Social Security has always had its rabid opponents. Alf Landon, the 1936 Republican presidential nominee, called President Roosevelt's new Social Security program "unjust," "a fraud on the working man," and "a cruel hoax" that would leave retirees with nothing but "roll after roll of neatly executed IOUs."
Alf Landon was wrong. But he at least had an excuse for his wrongness: he had never seen Social Security in action. Today's Social Security opponents have no such excuse.
After 77 years, Social Security has compiled an overwhelming record of success. Its payments are modest, averaging only $1,265 per month, but for about 13 million seniors, such an amount is the difference between poverty and sufficiency. And notwithstanding claims to the contrary, the program remains on reasonably sound financial footing, as I have described before.
Yet opponents such as Sen. Mitch McConnell, the Republican leader in the Senate, want to slash Social Security by changing the rate at which benefits adapt to inflation. Sen. McConnell claims that something called "chained CPI" is a more accurate measure of inflation -- ignoring evidence that most seniors experience higher inflation levels than measured under current law, due to their disproportionate use of high-cost-growth services such as health care.
While Social Security's foes might prefer to couch their proposals in bureaucratic phrases about inflation indexes, big words can't hide hard truths: this plan would mean a cut for America's seniors, one that would eliminate benefits that they have earned and depend on, one that would cut the average benefit by $16,000 over a 25-year retirement.
Troublingly, President Obama, in an effort to reach political compromise, has included similar Social Security cuts in his proposed 2014 budget. Not only is it bad strategy to concede to your opponents' demands before even sitting down at the negotiating table, but the President is flatly wrong to use seniors' earned benefits as a bargaining chip.
I already have written the President to oppose these cuts to Social Security, and I will strongly oppose his plan in Congress.
A better way forward is the Protecting and Preserving Social Security Act, which I have cosponsored. It would bring Social Security's revenue back into line with historic norms by increasing the wage base that pays into the social insurance program, and it would adopt a more sensible inflation index that recognizes that seniors' costs generally rise faster than the costs faced by younger families.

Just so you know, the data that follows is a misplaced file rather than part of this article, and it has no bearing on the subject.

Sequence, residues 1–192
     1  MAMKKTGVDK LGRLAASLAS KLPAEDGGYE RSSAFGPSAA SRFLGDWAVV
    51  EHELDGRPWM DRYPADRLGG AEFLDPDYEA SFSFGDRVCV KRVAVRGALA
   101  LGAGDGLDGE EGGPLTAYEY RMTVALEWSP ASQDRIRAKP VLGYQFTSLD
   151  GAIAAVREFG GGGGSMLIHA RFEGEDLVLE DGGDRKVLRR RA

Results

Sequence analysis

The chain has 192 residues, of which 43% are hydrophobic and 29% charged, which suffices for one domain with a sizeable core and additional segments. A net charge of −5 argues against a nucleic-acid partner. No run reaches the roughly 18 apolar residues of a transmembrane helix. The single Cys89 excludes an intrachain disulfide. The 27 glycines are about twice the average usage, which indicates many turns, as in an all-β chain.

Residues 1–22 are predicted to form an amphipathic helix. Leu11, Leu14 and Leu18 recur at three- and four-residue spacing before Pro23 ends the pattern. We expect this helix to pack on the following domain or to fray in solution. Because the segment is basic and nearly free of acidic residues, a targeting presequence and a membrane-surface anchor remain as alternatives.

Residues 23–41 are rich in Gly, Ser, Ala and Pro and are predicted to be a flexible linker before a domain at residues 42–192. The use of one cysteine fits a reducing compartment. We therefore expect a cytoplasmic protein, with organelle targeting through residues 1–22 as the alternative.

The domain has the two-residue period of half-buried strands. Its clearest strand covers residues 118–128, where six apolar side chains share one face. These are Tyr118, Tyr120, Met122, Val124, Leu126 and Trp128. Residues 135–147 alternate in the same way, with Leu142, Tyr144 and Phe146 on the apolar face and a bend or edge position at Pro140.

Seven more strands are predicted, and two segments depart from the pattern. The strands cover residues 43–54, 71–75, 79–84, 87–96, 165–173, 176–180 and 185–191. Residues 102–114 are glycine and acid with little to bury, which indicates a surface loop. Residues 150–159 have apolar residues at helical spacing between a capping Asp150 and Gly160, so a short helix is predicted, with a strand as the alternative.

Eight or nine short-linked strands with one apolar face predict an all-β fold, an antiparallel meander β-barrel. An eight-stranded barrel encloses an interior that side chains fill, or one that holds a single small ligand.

Honoring Those Who Have Served
From 1952 to 1954, Gerald Graff served in the Medical Aid Battalion of the U.S. Army in the Korean War, providing front-line aid to wounded soldiers.
Later, he built a life beyond his military service. He attended NYU on the GI Bill, which he credits for providing higher education that he could not otherwise have afforded. He raised a family and settled down in Somerset -- and somewhere along the way, he lost the medals he had earned in service to his country.
Recently, Mr. Graff reached out to me hoping to obtain duplicate decorations that he could pass along to his grandchildren. I had the honor of visiting him in his neighborhood to present him with the National Defense Service Medal, the Korean Service Medal with 2 Bronze Service Stars, and the United Nations Service Medal.
If you or someone you know is also due a military medal or award, please contact me so that our nation may properly honor those who have served.
Medicine Based on Evidence, Not Ideology
Policy should be based on evidence and analysis, not ideology. That is why, in 2011, I led a letter to the Obama Administration expressing my disappointment with their decision to overrule career FDA scientists and impose an age restriction on the over-the-counter purchase of emergency contraception.
I was pleased that a federal judge ruled last week that the Administration had acted wrongly in disregarding the scientific study conducted by the FDA's Center for Drug Evaluation and Research that found that the product was safe and effective for adolescent females. The court ordered that women of all ages be given the access they deserve to safe reproductive health care.
I have been in touch with the Administration to urge that they allow this sensible decision to stand.
Member of Congress